Twelve-hole golf courses are becoming a hot topic, especially after Jack Nicklaus told Golf Digest in 2007: "We should consider the possibility of making 12 holes the standard round. ... Eventually it would be accepted because it makes sense in people's lives."
There are already some fantastic 12-hole golf courses in the world. On Scotland's Isle of Arran, Shiskine Golf and Tennis Club is a 19th century links gem that had 18 holes for a short time until World War II and has kept its current 12-hole route since. Just a few miles north from Bandon Dunes Golf Resort in Oregon, the mysterious course Sheep Ranch, designed by Doak, boasts 12 holes that can be played in a variety of different routings.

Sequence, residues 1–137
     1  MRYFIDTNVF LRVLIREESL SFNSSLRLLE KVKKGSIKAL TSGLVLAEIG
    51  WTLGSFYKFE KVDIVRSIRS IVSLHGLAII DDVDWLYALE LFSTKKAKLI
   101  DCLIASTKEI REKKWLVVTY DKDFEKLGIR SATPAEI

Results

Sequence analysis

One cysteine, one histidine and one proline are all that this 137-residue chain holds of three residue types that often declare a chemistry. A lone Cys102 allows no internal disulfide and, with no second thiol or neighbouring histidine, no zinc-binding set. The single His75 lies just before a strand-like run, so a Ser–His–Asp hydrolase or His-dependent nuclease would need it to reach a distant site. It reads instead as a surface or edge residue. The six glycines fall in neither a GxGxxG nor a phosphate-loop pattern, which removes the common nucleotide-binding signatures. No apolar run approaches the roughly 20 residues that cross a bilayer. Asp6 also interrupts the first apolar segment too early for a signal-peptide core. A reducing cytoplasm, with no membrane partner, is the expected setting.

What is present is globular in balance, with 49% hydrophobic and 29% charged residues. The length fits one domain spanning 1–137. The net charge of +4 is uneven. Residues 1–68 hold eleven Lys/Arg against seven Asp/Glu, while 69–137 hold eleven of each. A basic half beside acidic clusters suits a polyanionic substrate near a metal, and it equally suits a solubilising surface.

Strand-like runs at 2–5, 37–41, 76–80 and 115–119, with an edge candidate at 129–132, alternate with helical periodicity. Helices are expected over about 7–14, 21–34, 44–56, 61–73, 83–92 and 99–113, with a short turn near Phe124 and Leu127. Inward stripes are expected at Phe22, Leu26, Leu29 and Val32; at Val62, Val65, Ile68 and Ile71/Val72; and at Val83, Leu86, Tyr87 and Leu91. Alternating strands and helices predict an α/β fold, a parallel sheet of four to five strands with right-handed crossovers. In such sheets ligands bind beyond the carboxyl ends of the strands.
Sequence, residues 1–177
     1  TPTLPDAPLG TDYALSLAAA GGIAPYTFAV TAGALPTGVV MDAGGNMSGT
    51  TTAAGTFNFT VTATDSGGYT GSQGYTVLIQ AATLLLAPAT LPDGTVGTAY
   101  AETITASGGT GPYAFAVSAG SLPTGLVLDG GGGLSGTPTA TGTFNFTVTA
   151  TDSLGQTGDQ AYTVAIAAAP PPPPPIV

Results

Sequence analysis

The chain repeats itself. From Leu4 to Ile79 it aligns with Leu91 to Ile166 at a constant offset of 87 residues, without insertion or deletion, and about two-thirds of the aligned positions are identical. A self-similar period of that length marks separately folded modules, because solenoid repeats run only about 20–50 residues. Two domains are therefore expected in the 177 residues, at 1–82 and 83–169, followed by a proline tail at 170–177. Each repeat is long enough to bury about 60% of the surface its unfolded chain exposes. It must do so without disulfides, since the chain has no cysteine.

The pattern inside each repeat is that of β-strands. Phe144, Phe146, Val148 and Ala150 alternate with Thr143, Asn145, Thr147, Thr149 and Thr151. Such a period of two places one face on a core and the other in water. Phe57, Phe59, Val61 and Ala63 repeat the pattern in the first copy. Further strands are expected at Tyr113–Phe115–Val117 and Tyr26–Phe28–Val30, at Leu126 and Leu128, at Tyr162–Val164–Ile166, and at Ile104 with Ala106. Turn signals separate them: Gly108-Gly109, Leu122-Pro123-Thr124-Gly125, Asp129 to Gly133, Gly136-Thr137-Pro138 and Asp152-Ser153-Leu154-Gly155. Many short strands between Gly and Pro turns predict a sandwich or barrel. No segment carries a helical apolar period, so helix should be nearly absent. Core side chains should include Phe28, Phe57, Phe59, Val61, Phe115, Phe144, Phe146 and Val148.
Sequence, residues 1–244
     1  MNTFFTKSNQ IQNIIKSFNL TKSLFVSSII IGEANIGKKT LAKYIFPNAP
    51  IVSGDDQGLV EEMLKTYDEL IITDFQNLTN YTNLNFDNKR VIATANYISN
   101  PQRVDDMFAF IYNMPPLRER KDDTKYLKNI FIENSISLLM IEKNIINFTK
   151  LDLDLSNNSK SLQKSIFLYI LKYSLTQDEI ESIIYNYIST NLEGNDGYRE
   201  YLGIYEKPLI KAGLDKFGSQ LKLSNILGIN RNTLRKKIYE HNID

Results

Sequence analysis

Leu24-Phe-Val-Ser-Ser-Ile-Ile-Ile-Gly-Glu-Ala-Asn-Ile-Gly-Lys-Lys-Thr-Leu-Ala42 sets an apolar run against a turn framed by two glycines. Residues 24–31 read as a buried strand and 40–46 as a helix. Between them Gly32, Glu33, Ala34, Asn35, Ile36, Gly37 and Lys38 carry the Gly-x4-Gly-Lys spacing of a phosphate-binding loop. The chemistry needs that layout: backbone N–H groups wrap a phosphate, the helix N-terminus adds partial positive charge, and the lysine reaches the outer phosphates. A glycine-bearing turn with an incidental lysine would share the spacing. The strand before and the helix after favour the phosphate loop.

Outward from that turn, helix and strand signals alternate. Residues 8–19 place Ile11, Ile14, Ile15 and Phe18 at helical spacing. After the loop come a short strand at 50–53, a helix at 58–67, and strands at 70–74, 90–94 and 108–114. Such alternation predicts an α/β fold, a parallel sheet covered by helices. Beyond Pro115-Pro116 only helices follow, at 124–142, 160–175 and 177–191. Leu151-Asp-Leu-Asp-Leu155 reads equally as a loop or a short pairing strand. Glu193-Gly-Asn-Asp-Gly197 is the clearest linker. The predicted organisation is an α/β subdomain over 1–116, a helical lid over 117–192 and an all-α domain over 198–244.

Shiskine and Sheep Ranch are two of the world's best 12-hole designs, but they're also in the middle of nowhere. The 12-hole concept may work most effectively around larger cities, where land is at a higher premium but golf demand is high, too.
"A nine-hole course works great until you have about 100 golfers per day," noted Doak, who recently redesigned historic nine-hole Aetna Springs Golf Course in Napa Valley, Calif. "In a big city, you can hit that number pretty quickly."
A 12-hole routing offers more flexibility than nine-hole courses and can get more golfers around with the possibility of two or three starting tees, not just one. Get creative with the tee boxes, such as at Sheep Ranch, and you could easily create 18 different holes out of 12 holes worth of acreage and maintenance -- and keep golfers satisfied knowing the shot values will be as good as any 18-hole course.
"We've never assumed that because a course has fewer holes, it's not as good," said Zimmerman. "That doesn't matter in our minds. You could make some extremely good holes and almost dial the design up a bit."